His name was Cody and Kip was sure that Cody was going to try to make this a long, long year. After Cody’s throw hit her hard in the chest, Mrs. Holiday asked the students to please throw underhand so they wouldn’t “accidentally” throw the ball too hard. Kip knew that Mrs. Holiday was trying to give Cody the benefit of the doubt this first day. She was also certain that Cody was a bully and that if Mrs. Holiday was smart, she would be figuring that out soon too.
The game actually ended up working in her favor. By the time they were done, her name had been said over and over again so people were getting used to it. Mrs. Holiday made the game more fun by spontaneously adding in more balls to toss around and by timing the class to see if they could break the previous class’ record. They were all a little out of breath and giggling as they went back to their seats.
Mrs. Holiday handed out name tags that they would keep on their desks. She asked them to write the name they would like to be called, like if they had a nickname. Kip was happy to let everyone know that she preferred to be called Kip as she wrote the three letters on her nametag. Even though Kip was a boy’s name, it still elicited less teasing than Kipalee. Kip decorated her name with her different colored flair pens, a different color for each letter. She loved doodling and being a little artsy. She didn’t have much talent in the art department, but she enjoyed it all the same. She used her purple pen to draw flowers in the corners.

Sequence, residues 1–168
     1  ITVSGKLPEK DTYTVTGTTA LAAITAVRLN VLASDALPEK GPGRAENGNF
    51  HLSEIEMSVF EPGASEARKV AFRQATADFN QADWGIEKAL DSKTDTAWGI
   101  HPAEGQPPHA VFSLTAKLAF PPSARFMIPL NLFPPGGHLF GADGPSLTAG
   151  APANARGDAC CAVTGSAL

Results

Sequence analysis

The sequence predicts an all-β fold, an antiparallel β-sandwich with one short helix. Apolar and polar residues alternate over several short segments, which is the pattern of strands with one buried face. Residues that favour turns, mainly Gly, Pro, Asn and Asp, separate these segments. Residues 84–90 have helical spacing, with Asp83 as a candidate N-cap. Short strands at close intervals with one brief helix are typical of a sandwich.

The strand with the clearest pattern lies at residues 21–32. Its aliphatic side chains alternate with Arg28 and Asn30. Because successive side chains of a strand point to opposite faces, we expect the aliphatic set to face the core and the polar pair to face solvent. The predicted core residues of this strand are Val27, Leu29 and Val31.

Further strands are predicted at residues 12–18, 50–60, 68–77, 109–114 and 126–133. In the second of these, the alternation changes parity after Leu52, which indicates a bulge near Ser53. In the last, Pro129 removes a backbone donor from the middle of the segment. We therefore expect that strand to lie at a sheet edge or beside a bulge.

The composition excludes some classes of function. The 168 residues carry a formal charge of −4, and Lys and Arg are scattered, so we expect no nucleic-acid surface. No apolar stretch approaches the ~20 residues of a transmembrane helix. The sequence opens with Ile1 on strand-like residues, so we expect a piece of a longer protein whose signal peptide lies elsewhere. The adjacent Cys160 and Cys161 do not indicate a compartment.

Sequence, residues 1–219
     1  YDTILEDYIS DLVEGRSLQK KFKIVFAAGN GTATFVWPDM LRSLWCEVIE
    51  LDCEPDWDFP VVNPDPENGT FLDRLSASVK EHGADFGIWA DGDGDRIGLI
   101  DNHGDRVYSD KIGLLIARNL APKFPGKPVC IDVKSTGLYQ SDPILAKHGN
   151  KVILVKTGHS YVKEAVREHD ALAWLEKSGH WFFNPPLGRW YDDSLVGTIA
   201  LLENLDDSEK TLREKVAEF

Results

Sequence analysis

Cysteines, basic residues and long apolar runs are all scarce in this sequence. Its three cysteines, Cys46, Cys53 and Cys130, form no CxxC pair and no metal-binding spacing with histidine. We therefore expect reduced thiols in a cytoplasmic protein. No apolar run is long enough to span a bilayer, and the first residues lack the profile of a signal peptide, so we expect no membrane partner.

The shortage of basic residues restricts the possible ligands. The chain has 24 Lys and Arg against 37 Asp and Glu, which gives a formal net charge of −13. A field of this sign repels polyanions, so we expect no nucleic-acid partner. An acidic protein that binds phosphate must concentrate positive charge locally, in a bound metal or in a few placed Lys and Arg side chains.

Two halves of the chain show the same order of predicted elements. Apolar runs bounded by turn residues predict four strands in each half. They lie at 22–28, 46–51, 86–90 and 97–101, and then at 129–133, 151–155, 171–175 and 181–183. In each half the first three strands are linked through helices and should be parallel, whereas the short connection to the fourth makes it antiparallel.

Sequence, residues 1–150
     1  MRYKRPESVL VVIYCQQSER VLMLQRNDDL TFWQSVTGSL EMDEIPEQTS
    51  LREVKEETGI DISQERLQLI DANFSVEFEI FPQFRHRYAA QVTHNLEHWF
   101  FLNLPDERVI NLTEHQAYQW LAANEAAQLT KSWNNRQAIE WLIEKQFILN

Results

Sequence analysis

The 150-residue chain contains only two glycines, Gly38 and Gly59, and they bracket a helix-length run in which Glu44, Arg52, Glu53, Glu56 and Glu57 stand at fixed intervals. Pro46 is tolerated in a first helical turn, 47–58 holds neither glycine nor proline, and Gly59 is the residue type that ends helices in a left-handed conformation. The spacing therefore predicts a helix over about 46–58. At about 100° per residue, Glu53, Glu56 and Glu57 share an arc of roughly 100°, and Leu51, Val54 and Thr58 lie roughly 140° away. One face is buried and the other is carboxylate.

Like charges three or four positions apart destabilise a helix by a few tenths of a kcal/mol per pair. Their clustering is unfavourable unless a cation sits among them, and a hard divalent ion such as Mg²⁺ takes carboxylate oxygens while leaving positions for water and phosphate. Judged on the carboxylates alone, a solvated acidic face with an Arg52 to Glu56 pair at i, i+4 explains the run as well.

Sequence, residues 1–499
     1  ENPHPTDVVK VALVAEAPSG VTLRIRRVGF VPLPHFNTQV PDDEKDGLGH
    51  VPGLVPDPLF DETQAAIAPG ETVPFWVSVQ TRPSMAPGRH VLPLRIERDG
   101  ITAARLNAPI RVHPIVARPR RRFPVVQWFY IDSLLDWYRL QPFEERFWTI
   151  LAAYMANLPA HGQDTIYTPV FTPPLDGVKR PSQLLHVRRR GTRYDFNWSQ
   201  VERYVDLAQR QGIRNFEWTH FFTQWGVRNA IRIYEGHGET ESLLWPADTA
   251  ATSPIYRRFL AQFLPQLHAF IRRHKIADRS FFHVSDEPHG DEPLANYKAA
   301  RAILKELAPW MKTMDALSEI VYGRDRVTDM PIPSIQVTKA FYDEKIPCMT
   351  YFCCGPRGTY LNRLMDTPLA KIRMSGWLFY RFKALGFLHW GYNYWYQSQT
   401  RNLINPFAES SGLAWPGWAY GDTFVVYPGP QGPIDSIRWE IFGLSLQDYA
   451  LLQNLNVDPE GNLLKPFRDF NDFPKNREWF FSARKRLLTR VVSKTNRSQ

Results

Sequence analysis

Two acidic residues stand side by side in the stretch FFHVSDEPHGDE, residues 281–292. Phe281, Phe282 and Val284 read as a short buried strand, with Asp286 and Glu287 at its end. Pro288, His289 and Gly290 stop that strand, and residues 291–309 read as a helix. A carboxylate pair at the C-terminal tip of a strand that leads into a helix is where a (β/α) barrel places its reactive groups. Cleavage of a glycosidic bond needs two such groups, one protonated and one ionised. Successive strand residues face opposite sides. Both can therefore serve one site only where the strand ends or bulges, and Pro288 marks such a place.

The day started with homeroom taught by Mrs. Holiday followed by her first hour class, English. In her new school, the homeroom teacher and her first hour teacher were the same. Kip breathed a sigh of relief that she got to stay in the same classroom for the first two classes of the day. She could tell that Mrs. Holiday was the nice-type of teacher. The kind who saw that her students were human beings and valued who they were. The kind of teacher who smiled and tried to make learning fun. Kip didn’t know exactly how she could tell that after just a half-hour with her teacher, but she could. Kip’s mom says that she has a sixth-sense about people, that she could tell what kind of person they were within minutes of meeting them.
She could also tell that she should steer clear of Cody as much as possible. He glanced her way quite a few times since he threw the ball at her, and his expression didn’t change. Cody looked like an athlete, he was wearing Nike shorts and a t-shirt and he had dark brown hair that was cut really short on the sides and was longer on the top. He kept brushing his hand through his hair to keep it over to the side. Sometimes as he did that he glared at Kip, looking at her like she was fresh meat to torture this year. Well, Cody had no idea who he was dealing with. No, she wouldn’t fight him in the alley after school, but she could ignore someone like nobody’s business. And to a bully, being ignored is worse than being beat up. She didn’t even glance his way once. Not once.
Kip’s mom loves Kelly Clarkson and one of the songs she plays all the time, Stronger (What Doesn’t Kill You) started running through Kip’s head. One of the benefits of being super stubborn is that she is very patient and determined.
“Cody may have met his match,” Kip thought to herself.
After the half-hour of homeroom, Mrs. Holiday gave them a couple minutes to get out their English supplies. Kip already had her notebook and pen out on her desk. She thought back to the letter that Mrs. Holiday sent her students over the summer asking them to bring a picture of something they enjoy doing. It could be a photograph or a picture from a magazine.